Richards, SC (2015) Unearthing bureaucratic legal consciousness: government officials' legal identification and moral ideals. International Journal of Law in Context, 11 (3). pp. 299-319. ISSN 1744-5523

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The legal consciousness of citizens receiving the law has been extensively explored but little attention has been paid to the legal consciousness of individuals applying the law. This paper draws on interviews with forty government officials in the Refugee Review Tribunal of Australia to address this concern, analysing how government bureaucrats think about law. In doing so, it identifies a series of underlying ideals informing the officials’ legal identification narratives. It presents a heuristic that positions bureaucratic legal identification in relation to broader moral ideals, demonstrating that as government officials’ identification with law increases so too does their idealisation of intellect and information processing. Conversely, as the officials’ identification with law decreases, their idealisation of experience and truth verification increases. These findings provide new insights into how law works in government, revealing bureaucratic legal identification as structured according to broader moral values, and thereby unearthing legal consciousness’ latent metacognitive dimension.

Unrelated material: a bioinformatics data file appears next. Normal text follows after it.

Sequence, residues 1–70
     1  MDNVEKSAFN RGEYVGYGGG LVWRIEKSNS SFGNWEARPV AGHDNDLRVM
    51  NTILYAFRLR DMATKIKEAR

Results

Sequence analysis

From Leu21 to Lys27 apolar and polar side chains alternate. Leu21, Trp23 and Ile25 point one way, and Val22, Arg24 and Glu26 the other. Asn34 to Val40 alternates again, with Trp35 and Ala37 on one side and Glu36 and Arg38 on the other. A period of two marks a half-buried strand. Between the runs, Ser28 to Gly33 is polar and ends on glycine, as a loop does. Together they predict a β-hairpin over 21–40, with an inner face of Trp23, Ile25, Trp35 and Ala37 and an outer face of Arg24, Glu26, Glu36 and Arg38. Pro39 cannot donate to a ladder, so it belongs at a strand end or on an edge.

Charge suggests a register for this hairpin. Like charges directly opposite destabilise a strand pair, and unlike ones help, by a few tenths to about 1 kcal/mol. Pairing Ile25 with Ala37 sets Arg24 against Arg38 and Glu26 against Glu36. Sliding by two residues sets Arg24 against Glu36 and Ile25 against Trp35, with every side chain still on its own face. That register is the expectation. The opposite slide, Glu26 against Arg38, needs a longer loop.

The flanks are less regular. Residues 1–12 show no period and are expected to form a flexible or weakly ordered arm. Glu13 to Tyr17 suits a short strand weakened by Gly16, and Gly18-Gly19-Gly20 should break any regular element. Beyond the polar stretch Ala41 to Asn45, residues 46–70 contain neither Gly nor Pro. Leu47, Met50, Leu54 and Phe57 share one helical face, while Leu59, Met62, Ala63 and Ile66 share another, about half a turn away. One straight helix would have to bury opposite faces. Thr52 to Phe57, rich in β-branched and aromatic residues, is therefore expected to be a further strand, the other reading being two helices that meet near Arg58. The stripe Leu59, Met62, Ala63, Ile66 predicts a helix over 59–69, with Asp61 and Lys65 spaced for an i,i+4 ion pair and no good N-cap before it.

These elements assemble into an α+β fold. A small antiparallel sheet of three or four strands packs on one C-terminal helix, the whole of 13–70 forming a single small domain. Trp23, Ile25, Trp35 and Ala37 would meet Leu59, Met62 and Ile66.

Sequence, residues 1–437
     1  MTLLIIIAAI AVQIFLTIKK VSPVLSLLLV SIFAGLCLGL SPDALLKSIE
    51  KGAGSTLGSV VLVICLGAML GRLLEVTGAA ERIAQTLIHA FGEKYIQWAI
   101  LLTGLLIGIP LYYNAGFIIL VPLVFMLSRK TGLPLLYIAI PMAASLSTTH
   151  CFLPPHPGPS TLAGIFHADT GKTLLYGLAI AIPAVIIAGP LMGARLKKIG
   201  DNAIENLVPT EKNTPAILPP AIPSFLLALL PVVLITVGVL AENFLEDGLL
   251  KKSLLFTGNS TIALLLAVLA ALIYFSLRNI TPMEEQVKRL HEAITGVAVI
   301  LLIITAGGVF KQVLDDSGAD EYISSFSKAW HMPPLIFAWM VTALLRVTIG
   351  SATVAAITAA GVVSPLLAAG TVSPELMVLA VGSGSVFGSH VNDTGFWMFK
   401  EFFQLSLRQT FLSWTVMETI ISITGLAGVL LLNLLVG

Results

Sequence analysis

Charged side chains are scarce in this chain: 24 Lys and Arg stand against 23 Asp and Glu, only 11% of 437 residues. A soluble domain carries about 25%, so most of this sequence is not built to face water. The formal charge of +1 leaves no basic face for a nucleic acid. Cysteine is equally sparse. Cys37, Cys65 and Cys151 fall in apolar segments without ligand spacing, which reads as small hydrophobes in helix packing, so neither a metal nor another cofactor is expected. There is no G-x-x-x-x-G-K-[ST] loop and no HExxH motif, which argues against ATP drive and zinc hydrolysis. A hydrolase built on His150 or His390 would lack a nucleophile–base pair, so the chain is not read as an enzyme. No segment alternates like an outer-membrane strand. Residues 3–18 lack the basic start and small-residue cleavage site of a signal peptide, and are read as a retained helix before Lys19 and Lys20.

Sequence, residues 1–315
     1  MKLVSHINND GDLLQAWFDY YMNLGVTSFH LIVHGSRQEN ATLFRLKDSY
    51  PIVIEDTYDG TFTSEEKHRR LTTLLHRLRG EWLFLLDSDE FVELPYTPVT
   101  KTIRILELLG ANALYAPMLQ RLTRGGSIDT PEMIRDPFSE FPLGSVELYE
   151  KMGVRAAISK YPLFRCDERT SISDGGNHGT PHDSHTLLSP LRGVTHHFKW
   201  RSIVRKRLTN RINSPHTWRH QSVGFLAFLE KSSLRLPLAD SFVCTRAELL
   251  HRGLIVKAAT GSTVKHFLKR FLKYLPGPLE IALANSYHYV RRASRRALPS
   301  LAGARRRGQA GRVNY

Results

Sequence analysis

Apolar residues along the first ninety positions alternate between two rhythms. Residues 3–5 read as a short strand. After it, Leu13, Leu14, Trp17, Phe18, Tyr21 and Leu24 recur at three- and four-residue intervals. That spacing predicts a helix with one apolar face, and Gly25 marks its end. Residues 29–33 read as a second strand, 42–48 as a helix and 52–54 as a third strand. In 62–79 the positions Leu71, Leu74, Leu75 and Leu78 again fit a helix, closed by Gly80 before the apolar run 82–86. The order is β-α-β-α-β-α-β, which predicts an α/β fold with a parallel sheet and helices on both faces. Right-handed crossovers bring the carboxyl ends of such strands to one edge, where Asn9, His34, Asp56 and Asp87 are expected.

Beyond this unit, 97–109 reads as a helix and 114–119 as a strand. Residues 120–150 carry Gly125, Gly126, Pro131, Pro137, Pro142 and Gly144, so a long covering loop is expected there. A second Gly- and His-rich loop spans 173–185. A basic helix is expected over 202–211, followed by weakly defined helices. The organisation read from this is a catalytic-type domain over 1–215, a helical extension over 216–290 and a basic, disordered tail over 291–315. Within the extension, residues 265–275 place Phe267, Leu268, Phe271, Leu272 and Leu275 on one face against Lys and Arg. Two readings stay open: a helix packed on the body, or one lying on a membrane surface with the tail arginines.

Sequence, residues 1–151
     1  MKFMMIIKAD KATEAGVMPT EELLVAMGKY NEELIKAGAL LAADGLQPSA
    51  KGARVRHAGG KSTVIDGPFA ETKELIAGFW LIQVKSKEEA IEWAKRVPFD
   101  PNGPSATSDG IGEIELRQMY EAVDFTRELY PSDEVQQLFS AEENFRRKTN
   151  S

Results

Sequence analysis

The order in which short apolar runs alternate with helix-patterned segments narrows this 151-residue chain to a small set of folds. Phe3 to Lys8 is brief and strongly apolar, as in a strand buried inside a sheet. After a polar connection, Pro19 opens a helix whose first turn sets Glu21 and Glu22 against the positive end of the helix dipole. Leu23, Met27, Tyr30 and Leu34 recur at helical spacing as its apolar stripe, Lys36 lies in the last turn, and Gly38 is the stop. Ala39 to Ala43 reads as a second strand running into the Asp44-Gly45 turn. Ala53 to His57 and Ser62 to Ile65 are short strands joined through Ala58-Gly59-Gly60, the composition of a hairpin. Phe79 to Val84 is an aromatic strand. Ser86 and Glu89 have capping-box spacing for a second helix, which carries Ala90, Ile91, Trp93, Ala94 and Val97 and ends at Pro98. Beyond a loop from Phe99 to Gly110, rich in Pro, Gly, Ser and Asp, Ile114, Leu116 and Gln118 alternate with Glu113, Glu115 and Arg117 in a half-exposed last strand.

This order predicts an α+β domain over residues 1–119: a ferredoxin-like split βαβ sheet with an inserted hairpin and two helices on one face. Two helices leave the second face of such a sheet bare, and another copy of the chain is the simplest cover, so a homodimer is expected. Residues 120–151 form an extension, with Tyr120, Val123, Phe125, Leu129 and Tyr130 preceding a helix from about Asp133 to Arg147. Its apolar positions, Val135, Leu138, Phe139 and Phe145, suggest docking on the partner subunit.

Item Type: Article
Additional Information: © Cambridge University Press - This is the accepted author manuscript (AAM). The final published version (version of record) is available online via Cambridge University Press at - please refer to any applicable terms of use of the publisher.
Subjects: K Law > K Law (General)
Divisions: Faculty of Humanities and Social Sciences > School of Law
Depositing User: Symplectic
Date Deposited: 07 Feb 2017 13:35
Last Modified: 24 Apr 2019 09:37

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